Dissatisfied, the fervent horseman went straight to work, reforming the Continental cavalry and setting regulations for the unit. He spent most of his time in the Army recruiting men to join his Cavalry Legion, which he equipped with Polish weapons and trained based on his home country’s military strategies.
He got on Washington’s bad side, however, after he began to ask Loyalists for supplies and steeds for his Legion, which was customary in Europe but not a common practice in the Revolution, as it went against everything the Continental Army stood for: complete independence from Britain.
In 1779, a year after the British successfully captured the city of Savannah, Georgia, Pulaski was sent to the South to help General Benjamin Lincoln recapture the area. Although the Continental Army counted with the help of French soldiers, the British caught wind of the patriot’s planned battle strategies and dominated the conflict.
After a brief, failed encounter with British forces, Pulaski and his men were forced to retreat. Itching for a chance at redemption, he left his men concealed in the woods and rode forward to inspect the battlefield, but as he did, he was mortally struck in the groin by grapeshot.
There are conflicting accounts as to where Pulaski’s corpse was finally laid to rest. The war hero was either buried at sea or interred in an unmarked grave in Savannah, like the majority of the soldiers who died during the bloody siege.
The beautiful 55-foot-tall Casimir Pulaski Monument has towered over Savannah’s neatly landscaped Monterey Square since 1854. The memorial - designed by renowned Russian-born New York sculptor, Robert Eberhard Launitz - represents the life of Pulaski and the freedom he died to obtain.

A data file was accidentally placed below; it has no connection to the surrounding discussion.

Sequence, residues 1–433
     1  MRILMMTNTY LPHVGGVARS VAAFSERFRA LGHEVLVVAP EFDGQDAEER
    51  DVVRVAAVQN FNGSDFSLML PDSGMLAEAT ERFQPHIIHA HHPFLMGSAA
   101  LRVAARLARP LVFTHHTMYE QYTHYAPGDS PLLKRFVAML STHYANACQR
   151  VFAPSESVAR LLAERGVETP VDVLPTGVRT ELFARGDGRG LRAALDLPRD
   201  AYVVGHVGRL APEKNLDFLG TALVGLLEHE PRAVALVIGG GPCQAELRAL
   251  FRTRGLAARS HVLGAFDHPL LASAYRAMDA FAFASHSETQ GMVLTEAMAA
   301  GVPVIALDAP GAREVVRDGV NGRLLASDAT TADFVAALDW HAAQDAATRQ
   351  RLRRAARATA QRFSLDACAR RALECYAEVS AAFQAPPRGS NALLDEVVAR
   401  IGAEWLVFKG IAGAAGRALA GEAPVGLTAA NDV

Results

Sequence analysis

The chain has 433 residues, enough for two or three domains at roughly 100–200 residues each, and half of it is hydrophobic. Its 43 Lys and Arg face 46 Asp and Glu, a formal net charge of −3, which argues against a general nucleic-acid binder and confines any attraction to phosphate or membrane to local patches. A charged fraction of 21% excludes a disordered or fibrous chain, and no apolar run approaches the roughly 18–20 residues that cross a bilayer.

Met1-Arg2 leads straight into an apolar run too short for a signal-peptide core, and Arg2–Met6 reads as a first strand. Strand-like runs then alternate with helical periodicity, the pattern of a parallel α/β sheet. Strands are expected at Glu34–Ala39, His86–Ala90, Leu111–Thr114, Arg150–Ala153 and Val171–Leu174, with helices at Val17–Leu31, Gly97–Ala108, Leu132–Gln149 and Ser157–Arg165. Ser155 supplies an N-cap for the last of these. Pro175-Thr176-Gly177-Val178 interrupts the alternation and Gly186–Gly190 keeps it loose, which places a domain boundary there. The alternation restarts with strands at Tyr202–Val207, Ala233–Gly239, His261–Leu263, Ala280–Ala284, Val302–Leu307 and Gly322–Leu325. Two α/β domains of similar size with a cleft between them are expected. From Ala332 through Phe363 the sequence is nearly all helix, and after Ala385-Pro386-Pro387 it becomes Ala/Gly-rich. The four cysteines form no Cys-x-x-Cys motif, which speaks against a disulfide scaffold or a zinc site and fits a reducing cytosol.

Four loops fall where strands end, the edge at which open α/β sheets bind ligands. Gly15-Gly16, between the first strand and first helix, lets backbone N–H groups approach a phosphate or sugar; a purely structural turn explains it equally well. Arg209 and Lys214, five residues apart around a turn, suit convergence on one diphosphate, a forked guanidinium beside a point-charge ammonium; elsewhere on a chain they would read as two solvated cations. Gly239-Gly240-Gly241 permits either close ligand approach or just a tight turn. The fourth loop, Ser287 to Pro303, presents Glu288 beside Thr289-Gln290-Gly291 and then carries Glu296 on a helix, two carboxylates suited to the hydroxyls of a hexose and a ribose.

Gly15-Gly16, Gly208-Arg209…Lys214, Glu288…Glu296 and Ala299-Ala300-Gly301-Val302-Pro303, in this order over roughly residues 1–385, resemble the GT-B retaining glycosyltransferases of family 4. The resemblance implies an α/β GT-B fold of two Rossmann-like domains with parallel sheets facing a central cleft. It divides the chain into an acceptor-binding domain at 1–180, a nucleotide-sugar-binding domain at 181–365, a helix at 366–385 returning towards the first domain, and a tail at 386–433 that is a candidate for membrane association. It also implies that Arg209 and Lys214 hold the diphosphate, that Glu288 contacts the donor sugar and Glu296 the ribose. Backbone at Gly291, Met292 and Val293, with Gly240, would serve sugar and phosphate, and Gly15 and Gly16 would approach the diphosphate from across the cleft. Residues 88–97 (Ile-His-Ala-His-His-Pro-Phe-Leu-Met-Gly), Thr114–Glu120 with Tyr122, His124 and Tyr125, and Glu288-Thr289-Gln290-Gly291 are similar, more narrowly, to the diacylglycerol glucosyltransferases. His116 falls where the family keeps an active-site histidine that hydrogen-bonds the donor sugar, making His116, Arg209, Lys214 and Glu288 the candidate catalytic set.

Atop the Italian marble structure, stands a statue of liberty holding the American flag on her left hand and a laurel wreath on her right. When describing his inspiration for the design, Launitz expressed that: “The love of liberty brought Pulaski to America; for love of liberty he fought, and for liberty, he lost his life. Thus, I thought that Liberty should crown his monument and share with him the homage of the free.”
Aside from Lady Liberty, the memorial also exhibits a Bald Eagle resting on one of the many tiers that make up the monument. Finally, at the base, we find an expertly-carved bas relief of Pulaski mounted on his horse.
Although a construction honoring Pulaski was imminent, the project took decades to come into fruition. The city of Savannah intended to build two monuments: one for Casimir Pulaski and one for Pulaski’s contemporary, Nathanael Greene, but the astronomical cost of two structures crippled their plans.
Since 1825, both war heroes were commemorated with a single monument, a tall marble obelisk in Johnson Square. In 1852, almost 30 years later, the Casimir Pulaski Monument funds were finally secured, and the Johnson Square obelisk was renamed the Nathanael Greene Monument.
After some debate over the appropriate place to place the Pulaski memorial, the perfect location was found: Monterey Square. It was here where, in 1853, the first cornerstone was laid, and the remains of Casimir Pulaski were reinterred, leaving the hero to rest eternally in the same place he is remembered.
You can find the Pulaski Monument in the center of Monterey Square, in Savannah Georgia. Monterey Square can be found at 4 West Taylor Street, in the historic district.